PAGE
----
In January 2017, the CRA released its Report on the Charities Program 2015–2016, which provides interesting insights into Canada’s charitable sector. A common thread weaving through issues related to obtaining and maintaining charitable status is the need to create, maintain, and report/file information required by the Charities Directorate and the Income Tax Act.

 

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Not–for–profits and charities: 4 New Year’s resolutions

Many people feel that New Year’s resolutions are passé, particularly since so many resolutions go unachieved each year. But, a resolution is essentially a plan to tackle something of importance, and planning is often half the battle. The following are 4 resolutions that can help strengthen charities and other not–for–profits in 2017.

 

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New Ontario statutes in effect December 10, 2016

The new requirements may be particularly onerous for corporations like home–builders or condominium developers, or any other corporation which may have hundreds or thousands of ownership interests in land.

 

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Lobbying: Considerations for not-for-profits

There have been many recent changes in lobbying law. Some jurisdictions, like New Brunswick, have passed lobbying legislation, while other jurisdictions, like Ontario, have made significant changes to existing legislation. Here are four things not–for–profits must consider.

 

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When it’s just not fair: The oppression remedy

While organizations have broad discretion to conduct their affairs as they see fit, courts may intervene if an organization’s conduct is unfair or oppressive. A recent case involving a Saskatchewan non–profit is a brief primer on the statutory oppression remedy, and is reminder that this remedy may be available in both non–profit and for–profit corporate statutes.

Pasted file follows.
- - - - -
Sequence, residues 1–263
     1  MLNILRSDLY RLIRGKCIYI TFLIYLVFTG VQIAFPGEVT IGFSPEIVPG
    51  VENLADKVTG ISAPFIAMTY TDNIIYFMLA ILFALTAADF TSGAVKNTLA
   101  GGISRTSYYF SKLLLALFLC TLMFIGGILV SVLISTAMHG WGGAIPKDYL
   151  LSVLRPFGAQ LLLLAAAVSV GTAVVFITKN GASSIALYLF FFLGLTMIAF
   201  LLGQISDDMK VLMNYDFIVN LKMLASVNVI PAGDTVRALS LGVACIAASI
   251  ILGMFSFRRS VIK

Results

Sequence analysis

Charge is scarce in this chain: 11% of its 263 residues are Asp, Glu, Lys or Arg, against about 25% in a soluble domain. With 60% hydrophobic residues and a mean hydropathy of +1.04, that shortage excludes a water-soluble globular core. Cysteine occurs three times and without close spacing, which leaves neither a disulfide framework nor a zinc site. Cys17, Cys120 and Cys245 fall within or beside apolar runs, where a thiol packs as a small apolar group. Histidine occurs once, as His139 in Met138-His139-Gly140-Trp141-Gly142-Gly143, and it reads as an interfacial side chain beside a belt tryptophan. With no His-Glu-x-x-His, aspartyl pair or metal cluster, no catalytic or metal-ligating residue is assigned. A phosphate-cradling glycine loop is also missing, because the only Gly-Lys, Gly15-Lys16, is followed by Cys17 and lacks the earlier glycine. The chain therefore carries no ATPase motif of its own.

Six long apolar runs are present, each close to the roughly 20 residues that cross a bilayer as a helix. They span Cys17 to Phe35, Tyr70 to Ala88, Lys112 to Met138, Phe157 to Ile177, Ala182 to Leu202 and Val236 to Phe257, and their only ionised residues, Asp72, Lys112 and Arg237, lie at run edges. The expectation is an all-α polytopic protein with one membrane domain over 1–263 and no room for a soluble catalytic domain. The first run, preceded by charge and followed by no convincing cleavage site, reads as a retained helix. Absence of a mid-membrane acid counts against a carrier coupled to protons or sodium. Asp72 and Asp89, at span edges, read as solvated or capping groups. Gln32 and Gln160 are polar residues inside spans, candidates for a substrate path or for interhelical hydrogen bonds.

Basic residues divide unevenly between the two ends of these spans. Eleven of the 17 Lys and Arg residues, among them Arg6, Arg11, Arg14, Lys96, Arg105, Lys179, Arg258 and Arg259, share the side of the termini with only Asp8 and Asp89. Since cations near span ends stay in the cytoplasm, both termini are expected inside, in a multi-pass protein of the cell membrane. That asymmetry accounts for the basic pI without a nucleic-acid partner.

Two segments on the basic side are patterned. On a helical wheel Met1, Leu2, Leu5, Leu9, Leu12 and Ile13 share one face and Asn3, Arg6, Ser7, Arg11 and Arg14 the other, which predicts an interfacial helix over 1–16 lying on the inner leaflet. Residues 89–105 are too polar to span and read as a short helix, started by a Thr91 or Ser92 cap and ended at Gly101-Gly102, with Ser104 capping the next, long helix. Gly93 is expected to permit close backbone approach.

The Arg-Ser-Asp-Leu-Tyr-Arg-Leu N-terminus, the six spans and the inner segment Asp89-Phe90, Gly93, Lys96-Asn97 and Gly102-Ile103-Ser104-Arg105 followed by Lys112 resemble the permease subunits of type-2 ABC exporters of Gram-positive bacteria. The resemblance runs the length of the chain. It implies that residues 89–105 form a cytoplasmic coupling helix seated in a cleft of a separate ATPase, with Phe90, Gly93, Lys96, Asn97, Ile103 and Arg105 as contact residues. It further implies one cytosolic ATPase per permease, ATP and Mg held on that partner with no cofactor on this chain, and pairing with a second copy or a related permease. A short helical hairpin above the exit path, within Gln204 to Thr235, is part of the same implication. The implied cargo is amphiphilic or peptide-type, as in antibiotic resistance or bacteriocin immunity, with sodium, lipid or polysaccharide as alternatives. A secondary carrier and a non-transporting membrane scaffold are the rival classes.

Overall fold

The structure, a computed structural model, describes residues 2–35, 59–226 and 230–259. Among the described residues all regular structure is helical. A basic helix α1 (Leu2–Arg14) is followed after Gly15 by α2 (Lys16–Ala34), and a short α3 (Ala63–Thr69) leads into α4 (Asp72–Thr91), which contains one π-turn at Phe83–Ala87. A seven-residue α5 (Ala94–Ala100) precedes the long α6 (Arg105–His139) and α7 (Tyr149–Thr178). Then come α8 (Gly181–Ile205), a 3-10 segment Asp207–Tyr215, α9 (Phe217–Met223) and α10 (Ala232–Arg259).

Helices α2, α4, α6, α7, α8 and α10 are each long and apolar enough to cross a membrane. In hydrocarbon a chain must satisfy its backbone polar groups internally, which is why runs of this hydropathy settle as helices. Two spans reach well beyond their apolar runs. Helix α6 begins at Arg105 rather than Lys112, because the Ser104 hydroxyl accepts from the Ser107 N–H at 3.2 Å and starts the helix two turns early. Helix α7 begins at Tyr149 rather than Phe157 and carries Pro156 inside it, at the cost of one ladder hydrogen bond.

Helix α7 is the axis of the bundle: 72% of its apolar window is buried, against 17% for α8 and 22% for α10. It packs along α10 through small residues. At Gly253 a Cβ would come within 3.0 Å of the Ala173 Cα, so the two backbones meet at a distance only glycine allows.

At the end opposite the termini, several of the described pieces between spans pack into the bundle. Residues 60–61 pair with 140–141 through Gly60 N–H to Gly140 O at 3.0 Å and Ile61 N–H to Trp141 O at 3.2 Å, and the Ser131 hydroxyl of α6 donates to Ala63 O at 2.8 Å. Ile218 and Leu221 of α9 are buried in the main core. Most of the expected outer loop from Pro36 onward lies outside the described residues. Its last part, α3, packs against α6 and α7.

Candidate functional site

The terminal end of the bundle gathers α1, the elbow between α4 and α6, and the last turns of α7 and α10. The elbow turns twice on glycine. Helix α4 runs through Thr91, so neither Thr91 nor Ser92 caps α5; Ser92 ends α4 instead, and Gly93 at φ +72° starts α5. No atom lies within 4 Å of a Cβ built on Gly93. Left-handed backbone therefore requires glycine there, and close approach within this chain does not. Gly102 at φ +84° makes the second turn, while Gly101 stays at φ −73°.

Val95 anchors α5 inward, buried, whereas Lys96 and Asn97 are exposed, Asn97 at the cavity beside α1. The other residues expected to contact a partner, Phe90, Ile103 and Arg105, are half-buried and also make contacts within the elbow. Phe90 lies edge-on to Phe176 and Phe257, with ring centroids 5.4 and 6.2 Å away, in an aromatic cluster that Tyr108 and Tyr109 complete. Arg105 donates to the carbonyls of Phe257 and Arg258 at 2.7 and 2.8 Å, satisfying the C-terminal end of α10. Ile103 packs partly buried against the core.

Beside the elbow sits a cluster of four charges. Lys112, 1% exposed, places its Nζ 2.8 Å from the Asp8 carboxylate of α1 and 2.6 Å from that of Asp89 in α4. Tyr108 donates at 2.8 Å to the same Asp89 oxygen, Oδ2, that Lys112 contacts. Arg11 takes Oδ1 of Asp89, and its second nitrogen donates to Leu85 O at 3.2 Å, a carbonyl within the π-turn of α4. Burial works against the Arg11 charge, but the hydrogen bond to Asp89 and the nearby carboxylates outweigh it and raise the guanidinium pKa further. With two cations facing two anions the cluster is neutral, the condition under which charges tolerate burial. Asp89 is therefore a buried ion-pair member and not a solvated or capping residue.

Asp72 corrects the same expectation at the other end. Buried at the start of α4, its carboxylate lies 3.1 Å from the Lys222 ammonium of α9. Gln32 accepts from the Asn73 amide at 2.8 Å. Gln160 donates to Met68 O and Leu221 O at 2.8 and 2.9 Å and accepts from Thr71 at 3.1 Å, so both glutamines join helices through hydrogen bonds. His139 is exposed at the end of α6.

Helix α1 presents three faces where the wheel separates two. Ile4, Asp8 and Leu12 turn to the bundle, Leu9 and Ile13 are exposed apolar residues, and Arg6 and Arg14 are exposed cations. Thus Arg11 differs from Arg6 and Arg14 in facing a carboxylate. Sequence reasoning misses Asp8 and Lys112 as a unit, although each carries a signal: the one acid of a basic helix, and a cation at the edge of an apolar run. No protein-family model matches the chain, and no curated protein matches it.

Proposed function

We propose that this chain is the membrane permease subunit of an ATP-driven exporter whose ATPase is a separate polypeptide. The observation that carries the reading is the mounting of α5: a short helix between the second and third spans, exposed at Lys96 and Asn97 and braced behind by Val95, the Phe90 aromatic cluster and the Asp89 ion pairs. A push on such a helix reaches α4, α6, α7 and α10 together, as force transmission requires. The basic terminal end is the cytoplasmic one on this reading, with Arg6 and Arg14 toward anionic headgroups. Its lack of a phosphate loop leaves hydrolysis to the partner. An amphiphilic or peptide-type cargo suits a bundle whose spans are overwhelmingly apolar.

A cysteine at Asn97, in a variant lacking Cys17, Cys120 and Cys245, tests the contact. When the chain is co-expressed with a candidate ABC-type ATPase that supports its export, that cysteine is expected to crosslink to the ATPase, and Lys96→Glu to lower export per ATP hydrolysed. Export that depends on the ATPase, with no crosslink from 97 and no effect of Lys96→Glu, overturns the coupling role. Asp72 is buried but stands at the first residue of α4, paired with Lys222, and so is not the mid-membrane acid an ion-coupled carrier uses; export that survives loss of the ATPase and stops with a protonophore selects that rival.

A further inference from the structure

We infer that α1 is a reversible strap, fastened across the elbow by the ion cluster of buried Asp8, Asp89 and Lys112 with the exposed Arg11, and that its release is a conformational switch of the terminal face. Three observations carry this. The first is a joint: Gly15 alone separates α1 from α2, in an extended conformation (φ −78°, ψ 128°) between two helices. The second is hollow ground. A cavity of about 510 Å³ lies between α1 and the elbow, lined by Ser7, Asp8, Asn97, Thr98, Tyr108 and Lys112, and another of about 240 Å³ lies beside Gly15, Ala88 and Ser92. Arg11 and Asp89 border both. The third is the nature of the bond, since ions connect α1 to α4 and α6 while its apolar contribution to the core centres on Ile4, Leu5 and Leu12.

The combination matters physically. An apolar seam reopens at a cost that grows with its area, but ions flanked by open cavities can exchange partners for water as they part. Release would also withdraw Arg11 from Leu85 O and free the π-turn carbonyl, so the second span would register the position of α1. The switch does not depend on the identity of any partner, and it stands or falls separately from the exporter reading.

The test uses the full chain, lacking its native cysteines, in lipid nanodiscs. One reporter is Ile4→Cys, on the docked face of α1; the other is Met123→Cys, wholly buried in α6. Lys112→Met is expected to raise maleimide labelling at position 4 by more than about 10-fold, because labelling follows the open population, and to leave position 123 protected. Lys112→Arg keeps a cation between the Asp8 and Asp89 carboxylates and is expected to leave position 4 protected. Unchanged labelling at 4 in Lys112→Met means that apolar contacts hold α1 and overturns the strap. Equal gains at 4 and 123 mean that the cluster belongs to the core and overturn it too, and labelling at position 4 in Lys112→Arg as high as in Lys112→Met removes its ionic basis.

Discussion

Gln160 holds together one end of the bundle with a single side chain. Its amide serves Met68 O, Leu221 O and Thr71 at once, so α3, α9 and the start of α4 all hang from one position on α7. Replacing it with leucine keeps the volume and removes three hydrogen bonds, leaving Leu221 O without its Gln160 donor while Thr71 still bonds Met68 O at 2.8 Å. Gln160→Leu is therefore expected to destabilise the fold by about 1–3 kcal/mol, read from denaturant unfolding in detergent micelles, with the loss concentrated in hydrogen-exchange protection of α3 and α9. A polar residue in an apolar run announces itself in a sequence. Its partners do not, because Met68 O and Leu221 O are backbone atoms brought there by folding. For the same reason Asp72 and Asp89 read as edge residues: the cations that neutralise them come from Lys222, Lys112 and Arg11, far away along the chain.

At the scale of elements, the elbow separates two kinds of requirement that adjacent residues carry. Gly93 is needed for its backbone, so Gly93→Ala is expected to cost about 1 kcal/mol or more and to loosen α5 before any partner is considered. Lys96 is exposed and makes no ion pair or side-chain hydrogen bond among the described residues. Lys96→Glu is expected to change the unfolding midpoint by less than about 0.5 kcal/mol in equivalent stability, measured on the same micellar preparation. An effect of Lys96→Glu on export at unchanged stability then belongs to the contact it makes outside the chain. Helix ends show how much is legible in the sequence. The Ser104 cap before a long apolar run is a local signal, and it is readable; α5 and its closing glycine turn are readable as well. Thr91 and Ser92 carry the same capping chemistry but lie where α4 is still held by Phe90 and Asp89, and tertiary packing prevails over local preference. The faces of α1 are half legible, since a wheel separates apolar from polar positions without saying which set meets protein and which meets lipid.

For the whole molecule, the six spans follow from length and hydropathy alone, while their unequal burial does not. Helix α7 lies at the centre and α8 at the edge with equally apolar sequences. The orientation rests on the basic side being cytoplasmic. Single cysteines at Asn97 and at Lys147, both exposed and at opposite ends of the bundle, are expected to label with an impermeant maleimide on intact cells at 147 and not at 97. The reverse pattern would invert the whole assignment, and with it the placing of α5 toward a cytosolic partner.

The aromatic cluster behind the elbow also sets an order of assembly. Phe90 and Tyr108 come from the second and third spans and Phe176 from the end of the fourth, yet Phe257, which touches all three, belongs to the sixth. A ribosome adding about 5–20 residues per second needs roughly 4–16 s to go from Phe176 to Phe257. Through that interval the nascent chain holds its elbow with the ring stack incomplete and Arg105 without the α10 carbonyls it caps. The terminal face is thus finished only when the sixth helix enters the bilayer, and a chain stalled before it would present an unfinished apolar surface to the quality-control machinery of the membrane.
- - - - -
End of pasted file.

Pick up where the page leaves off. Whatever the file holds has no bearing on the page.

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The pitfalls of unwritten contracts – Part 3

Getting your contracts in writing is half the battle. You must also ensure that your contract says what you want it to say, and says it clearly. The main issue in the following case was the interpretation of an employment agreement.

 

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Ministry of Finance accepting comments on new Employer Health Tax rules for charities

The Ontario Ministry of Finance is proposing a new regulation under the Employer Health Tax Act, to include special Employer Health Tax rules for registered charities. The new regulation could be effective as early as January 1, 2017.

 

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The pitfalls of unwritten contracts – Part 2

Many employers still do not enter into written contracts with their employees. A recent case from British Columbia illustrates why this is a bad idea. The parties ended up in Court, where a Judge had to piece together testimony and the facts at the time the contract was made, to determine the nature of contract.

 

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The pitfalls of unwritten contracts – Part 1

This is not to suggest that written contracts provide perfect inoculation against lawsuits—litigants often misunderstand the obvious; written information may be open to multiple interpretations; and people sue even when they have no case. Two important considerations when making an agreement that you wish to be legally binding and enforceable in a court of law, are: